During these years this Armenian-populated village is ruled by influential Armenian meliks who often lead the struggle against the Kurdish bey. It would seem too that the village was a refuge for Armenians from other places. Some of the meliks were not natives of the village itself, but from those in neighbouring areas. In Papazian’s historic narrative successful rebellions are described where the defeated bey resigns from keeping his palace in the village, as well as the plan to settle Kurds in it. But he remains Havav’s bey and the villagers’ cultivable soil remains his. It is to be noted that every time that rebellions have succeeded, Havav has allied itself with neighbouring Kurdish villages. This might mean that in the system created by the beys there were fierce antagonisms, clashes of interests and competition. In these sorts of circumstances, a village like Havav might find people who are dissatisfied in Kurdish circles and ally itself with them with the object of standing against the bey’s arbitrariness. It is also interesting to note the position adopted by the local authority in thse clashes. They often stand with the villagers of Havav in their protests against their bey. This can mean that although the government allowed the existence of the beys’ rule in these areas, at the same time they tried to act as an obstacle to the the beys’ increase in power. Thus in this way a village like Havav would become a tool in the battles between the beys and the local authorities. The rebellions described below may better show these internal relationships.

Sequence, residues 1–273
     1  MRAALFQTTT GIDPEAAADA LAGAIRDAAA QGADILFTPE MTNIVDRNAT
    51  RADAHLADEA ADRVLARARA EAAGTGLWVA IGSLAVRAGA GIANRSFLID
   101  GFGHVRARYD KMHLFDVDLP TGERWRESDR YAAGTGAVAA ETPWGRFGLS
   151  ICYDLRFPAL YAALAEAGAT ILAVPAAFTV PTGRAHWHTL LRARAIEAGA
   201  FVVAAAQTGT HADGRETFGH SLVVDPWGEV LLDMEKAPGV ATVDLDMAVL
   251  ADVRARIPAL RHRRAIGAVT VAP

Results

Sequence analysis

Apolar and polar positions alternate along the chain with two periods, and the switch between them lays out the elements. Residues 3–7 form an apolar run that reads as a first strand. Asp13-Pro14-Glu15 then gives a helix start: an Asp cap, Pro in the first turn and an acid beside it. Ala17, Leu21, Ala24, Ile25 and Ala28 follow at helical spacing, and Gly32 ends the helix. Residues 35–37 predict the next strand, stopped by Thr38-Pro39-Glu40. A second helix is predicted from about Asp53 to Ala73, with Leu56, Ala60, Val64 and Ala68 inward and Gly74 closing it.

The time in which this incident has taken place is not stated in the history. All that is clear is that it has happened before the 18th century. Havav at this time is part of the Ottoman Empire, and Asli beg owns this village’s cultivable land. This bey’s konak (palace) is located next to the village. The bey has tried to settle Kurds in this completely Armenian village, but melik Nazar and Rev Simon (the village married priest) lead the resistance to the bey and attempt to frustrate his efforts. The notable people of the Kurdish villages of Kejekan ally themselves with those of Havav. These Kurds are known to have maintained friendly links with the Armenians since ancient times. This clash ends with Asli beg’s konak being burnt down, making the Kurdish bey leave his seat. The local Ottoman authorities this time forbid Asli beg to rebuild his konak in Havav, something that is regarded as a victory by the people of the village.